Economic Consequences of the Conflict in Ukraine

Richard Baldwin, Dmitry Grozoubinski, 03 June 2022

Climate change, the pandemic, and persistent economic and social inequalities threaten untold millions of lives. While trade alone cannot solve these threats, this column argues that viable solutions require more trade, and stronger multilateral trade governance. This means that world leaders must reimagine the WTO as critical to saving lives, not just livelihoods – a vital tool in the struggle against humanity’s existential threats.

Martin Larch, Janis Malzubris, 03 June 2022

The notion that fiscal rules are necessary to safeguard fiscal responsibility is a widely accepted tenet of fiscal policy. However, experience with the implementation of EU fiscal rules has been mixed, driving a wedge between initial ambitions and outcomes. This column uses the latest update of the European Commission’s compliance tracker to shed some light on the debate. In particular, it points out that if consistently followed over time, all numerical rules are equally demanding.

Jonas Kasteng, Ari Kokko, Nils Norell, Patrik Tingvall, 02 June 2022

Free trade agreements bring questions about how long it takes for firms to acquire the knowledge needed to utilise tariff preferences, and what determines learning outcomes. This column uses Swedish import transaction-level and firm-level data for the EU–South Korea free trade agreement from 2008 to 2018 to answer these questions. The authors find that firms learn about preference utilisation mainly by carrying out repeated import transactions; the number of years as an importer does not seem to matter.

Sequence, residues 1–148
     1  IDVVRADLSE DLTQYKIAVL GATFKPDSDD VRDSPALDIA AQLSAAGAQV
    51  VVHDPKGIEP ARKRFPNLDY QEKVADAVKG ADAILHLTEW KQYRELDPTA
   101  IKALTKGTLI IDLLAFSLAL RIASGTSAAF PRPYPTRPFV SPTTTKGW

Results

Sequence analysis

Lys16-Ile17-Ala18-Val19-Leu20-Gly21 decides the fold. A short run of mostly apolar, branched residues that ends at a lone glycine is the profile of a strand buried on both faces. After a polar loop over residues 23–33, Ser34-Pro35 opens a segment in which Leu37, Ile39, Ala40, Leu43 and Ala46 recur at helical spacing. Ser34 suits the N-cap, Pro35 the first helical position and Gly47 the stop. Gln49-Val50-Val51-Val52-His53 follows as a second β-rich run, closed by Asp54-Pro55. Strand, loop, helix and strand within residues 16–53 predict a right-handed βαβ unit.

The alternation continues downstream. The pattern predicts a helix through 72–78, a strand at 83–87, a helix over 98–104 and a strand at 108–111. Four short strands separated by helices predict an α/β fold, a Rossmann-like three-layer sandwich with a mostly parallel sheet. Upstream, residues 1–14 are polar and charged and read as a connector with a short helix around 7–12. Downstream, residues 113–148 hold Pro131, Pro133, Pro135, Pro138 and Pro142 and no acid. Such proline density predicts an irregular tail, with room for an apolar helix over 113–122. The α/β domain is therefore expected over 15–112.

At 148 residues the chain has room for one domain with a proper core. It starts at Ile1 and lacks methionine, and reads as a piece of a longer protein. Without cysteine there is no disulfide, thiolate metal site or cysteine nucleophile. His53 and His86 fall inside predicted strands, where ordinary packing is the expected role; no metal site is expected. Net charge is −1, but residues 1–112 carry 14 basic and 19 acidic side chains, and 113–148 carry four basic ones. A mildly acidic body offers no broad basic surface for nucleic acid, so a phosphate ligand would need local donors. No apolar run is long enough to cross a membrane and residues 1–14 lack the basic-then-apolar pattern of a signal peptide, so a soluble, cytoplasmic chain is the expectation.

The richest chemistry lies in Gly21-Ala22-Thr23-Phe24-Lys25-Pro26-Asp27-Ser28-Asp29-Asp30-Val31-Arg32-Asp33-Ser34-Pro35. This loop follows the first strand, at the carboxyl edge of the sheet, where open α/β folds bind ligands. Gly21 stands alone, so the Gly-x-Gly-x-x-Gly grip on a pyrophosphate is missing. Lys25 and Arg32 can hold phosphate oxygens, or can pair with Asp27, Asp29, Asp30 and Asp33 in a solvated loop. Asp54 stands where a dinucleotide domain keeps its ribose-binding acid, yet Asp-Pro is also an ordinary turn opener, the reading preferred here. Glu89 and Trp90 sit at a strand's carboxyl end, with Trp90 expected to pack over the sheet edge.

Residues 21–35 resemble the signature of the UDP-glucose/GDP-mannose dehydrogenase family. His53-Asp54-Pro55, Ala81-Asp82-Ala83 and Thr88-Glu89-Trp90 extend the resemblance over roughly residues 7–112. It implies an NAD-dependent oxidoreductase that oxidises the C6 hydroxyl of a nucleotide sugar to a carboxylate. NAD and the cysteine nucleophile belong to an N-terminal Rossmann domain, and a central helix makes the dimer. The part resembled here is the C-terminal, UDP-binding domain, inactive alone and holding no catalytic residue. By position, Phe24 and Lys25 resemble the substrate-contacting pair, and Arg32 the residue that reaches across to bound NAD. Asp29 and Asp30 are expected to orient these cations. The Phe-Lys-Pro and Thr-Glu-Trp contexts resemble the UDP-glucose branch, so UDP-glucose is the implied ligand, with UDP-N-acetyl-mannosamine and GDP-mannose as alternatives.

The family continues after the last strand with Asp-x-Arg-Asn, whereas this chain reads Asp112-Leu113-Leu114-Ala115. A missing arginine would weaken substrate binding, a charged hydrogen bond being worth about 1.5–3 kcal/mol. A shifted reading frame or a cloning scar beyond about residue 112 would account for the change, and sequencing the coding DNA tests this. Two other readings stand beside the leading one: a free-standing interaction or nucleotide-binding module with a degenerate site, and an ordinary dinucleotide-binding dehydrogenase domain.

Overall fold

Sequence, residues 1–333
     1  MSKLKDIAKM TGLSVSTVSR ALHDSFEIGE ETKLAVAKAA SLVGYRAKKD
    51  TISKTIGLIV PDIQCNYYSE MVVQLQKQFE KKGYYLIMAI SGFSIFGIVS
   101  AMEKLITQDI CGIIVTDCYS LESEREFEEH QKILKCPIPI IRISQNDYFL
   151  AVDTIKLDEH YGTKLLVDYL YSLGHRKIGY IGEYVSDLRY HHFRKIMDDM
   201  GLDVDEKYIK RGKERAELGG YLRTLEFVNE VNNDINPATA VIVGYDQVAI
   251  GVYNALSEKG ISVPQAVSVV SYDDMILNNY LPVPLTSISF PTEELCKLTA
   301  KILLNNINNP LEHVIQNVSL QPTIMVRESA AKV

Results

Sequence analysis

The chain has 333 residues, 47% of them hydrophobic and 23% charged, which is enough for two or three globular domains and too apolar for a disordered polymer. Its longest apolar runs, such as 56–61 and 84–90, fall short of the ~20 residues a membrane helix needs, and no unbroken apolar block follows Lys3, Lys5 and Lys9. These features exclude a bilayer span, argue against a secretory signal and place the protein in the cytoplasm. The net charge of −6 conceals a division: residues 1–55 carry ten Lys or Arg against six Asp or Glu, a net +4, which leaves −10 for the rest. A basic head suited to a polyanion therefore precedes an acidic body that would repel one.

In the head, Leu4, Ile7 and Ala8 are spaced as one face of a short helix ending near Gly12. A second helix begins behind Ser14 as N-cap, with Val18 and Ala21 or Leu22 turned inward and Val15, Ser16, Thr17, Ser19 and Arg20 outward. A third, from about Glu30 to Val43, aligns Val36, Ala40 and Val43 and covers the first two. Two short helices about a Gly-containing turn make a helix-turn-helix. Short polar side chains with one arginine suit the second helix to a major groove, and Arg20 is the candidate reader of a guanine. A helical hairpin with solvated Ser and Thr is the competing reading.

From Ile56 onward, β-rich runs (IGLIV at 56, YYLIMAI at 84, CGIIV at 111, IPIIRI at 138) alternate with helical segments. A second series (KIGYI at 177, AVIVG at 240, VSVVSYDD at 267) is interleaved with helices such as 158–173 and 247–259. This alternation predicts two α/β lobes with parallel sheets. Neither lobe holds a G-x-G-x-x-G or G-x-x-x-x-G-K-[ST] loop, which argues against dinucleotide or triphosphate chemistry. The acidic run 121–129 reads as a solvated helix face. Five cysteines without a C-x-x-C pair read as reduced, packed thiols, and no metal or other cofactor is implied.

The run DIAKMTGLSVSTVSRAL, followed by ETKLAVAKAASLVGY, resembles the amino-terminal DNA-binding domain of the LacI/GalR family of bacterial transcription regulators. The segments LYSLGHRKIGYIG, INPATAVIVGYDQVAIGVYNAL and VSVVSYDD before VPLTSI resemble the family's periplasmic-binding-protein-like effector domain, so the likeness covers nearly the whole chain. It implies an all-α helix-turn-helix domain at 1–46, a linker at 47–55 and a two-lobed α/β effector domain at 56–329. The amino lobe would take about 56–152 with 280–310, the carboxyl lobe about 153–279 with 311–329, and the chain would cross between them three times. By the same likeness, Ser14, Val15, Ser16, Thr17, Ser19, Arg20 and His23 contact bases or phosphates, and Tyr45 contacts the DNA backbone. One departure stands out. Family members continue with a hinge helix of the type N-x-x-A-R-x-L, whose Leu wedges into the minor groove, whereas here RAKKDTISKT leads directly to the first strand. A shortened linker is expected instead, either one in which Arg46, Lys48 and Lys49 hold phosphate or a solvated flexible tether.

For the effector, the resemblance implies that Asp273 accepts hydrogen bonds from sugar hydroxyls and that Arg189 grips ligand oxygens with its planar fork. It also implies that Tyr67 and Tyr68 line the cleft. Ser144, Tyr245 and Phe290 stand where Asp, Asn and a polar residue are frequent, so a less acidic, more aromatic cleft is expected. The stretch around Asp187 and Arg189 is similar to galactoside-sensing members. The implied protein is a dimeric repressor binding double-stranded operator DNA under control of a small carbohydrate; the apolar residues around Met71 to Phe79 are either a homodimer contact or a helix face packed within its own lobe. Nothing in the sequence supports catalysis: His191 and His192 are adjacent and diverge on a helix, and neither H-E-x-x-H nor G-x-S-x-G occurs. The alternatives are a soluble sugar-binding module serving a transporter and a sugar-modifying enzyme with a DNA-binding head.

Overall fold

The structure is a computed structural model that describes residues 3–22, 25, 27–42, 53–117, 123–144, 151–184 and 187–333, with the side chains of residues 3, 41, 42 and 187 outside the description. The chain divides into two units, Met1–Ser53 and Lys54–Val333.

Anders Anderson, Harrison Hong, 02 June 2022

Electric bikes are a viable alternative to cars in urban areas, but how effective they are at reducing carbon emissions is unclear. This column finds that a 2018 Swedish e-bike subsidy programme was successful in persuading people to buy an e-bike, and there was considerable substitution of biking for driving. However, for the programme to be cost-effective, the social cost of carbon much higher than the $50 to $100 estimates frequently discussed. Other social benefits, such as stimulating adoption, promoting health or reducing congestion, are needed to motivate these interventions. 

Tobias Adrian, Patrick Bolton, Alissa Kleinnijenhuis, 01 June 2022

Attempts to phase out coal have faltered amid fears that the transition to renewable energy would be too costly. By comparing the present value of avoided emissions with the present costs of replacing coal with renewable energy, this column estimates that the world can realise a net gain of $77.89 trillion by shifting to renewable energy. The benefits from ending coal are so large that carbon pricing and the other financing policies discussed here merit sustained attention.

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